Is Restaurant Brands International (TSX:QSR) Stock a Good Value Pick?

Consumer discretionary stocks like QSR could be good buys right now.

| More on:
question marks written reminders tickets

Image source: Getty Images

You’re reading a free article with opinions that may differ from The Motley Fool’s premium investing services. Become a Motley Fool member today to get instant access to our top analyst recommendations, in-depth research, investing resources, and more. Learn more

Warren Buffett famously said that investors should buy the stocks of great companies and hold them forever. At the Motley Fool, we take Buffett’s advice to heart and believe in the power of a long-term perspective when it comes to investing.

Although everyone likes to find a good, undervalued stock, sometimes it is better to buy the stock of a great company at an okay price, as opposed to the stock of a mediocre company at a good discount. The stocks of businesses with sustainable, excellent performance make ideal buy-and-hold stocks.

For this reason, new Canadian investors should focus on the stocks of blue-chip companies with excellent fundamentals, understandable business models, essential products and services, wide economic moats, solid financial ratios, and good management.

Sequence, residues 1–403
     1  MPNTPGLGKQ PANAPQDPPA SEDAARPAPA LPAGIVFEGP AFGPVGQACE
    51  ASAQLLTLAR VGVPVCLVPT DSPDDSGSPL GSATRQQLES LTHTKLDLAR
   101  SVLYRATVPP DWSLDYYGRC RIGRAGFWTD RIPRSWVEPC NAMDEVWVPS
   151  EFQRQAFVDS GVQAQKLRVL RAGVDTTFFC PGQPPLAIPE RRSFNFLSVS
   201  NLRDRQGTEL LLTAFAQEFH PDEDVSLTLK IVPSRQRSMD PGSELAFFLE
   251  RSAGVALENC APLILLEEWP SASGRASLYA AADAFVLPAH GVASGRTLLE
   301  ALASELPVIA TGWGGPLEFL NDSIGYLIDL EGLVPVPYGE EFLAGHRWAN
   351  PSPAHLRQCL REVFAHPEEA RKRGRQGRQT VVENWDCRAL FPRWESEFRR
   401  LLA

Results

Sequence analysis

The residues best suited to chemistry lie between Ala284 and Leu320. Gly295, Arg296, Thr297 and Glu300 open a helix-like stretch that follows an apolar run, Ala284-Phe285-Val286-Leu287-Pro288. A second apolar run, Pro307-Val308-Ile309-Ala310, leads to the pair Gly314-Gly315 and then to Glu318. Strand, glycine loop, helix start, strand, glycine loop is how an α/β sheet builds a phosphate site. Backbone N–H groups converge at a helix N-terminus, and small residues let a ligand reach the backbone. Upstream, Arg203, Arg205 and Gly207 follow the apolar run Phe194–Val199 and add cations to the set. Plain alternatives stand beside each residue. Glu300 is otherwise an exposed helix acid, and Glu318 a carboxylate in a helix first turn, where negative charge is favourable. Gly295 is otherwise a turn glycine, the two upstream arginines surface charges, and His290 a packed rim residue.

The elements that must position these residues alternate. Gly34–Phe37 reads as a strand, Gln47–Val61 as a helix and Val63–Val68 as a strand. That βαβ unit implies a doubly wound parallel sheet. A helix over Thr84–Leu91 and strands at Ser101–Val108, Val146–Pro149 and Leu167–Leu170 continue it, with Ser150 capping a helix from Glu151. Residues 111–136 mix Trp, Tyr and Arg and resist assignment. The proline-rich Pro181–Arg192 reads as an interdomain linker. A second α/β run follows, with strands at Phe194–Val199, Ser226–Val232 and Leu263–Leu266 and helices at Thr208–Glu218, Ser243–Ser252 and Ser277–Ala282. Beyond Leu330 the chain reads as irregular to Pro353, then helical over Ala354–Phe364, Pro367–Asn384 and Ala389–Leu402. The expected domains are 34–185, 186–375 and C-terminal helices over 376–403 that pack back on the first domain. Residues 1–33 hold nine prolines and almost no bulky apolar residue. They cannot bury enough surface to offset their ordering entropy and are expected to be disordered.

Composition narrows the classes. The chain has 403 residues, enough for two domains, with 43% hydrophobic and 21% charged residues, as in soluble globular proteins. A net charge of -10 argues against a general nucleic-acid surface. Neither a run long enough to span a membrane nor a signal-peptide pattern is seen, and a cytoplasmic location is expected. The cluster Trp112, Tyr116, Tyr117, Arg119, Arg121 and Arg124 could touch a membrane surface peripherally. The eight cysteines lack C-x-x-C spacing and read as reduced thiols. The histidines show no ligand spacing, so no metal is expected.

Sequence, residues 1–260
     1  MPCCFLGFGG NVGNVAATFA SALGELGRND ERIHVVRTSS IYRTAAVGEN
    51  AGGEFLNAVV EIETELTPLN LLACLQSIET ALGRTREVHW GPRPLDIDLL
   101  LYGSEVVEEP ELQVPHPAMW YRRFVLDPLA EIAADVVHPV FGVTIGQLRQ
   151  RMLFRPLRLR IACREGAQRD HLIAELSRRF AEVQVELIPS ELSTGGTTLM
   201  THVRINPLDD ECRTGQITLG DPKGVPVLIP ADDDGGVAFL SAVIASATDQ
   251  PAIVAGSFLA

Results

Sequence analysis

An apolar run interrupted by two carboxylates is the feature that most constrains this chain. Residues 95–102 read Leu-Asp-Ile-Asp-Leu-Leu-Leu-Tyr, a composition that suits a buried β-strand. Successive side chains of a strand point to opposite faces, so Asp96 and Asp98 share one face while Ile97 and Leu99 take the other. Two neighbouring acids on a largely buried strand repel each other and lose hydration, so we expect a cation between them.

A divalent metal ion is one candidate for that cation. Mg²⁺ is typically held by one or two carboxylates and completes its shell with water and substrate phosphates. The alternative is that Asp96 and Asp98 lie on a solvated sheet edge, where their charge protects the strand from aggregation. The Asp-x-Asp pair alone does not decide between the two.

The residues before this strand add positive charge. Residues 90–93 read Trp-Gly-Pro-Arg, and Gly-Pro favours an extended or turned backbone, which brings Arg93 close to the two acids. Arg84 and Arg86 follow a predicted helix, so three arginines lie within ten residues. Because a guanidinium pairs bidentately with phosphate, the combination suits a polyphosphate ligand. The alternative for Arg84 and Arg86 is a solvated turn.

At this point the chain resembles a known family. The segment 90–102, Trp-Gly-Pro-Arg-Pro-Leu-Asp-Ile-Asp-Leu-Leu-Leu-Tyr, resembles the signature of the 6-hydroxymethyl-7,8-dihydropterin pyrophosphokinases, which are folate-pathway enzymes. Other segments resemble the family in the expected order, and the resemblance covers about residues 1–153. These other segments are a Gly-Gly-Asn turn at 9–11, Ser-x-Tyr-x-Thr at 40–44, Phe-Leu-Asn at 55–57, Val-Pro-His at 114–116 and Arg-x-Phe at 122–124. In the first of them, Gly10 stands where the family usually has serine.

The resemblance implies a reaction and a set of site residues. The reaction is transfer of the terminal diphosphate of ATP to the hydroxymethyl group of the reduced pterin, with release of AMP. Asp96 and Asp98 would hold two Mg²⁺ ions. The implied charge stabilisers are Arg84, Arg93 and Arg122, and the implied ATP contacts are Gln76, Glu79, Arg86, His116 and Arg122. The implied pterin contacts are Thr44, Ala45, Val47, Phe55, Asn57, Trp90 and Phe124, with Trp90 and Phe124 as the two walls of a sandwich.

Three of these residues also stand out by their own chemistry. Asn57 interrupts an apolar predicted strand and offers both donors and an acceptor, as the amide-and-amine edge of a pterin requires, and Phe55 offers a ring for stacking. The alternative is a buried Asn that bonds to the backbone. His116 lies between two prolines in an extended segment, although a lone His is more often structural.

Restaurant Brands International

Restaurant Brands International (TSX:QSR)(NYSE:QSR) owns and operates some of the most recognizable food brands in Canada and the U.S. such as Tim Hortons, Burger King, Popeyes Louisiana Kitchen, and Firehouse Subs. QSR currently owns more than 29,000 restaurants in over 100 countries in the form of both corporate and franchisee stores.

The company sells all sorts of products, ranging from coffee, tea, and espresso-based hot and cold specialty drinks, fresh baked goods, including donuts, Timbits, bagels, muffins, cookies and pastries, grilled paninis, classic sandwiches, wraps, soups, and others.

Valuation

QSR is solid enough of a company that I would not worry about trying to time a good entry price. However, new investors should always be aware of some basic valuation metrics, so they can understand how companies are valued and what influences their current share prices.

Currently, QSR has been extending gains since Monday as of writing and is currently trading at $64.12, which is far below its 52-week high of $85.43. The current share price is actually close to its 52-week low of $63.45, making this a potentially good entry point.

QSR current has a market cap of $21.83 billion with approximately 38.81 billion shares outstanding. This gives it an enterprise value of $34.13 billion with an enterprise value-to-EBITDA ratio of 22.41, which is similar to peers in the consumer discretionary restaurant industry.

For the past 12 months, the price-to-earnings ratio of QSR was 29.1, with a price-to-free cash flow ratio of 15.03, price-to-book ratio of 8.67, price-to-sales ratio of 3.93, and book value per share of approximately $8.09. These metrics suggest that, even despite the recent correction, QSR remains fairly valued.

QSR is currently covered by a total of 26 analysts. Of them, 13 have issued a “buy” rating, two have issued a “sell” rating, and 11 have issued a “hold” rating. This is generally a considered a mixed to bullish sign, given the roughly equal amounts of buy and hold ratings.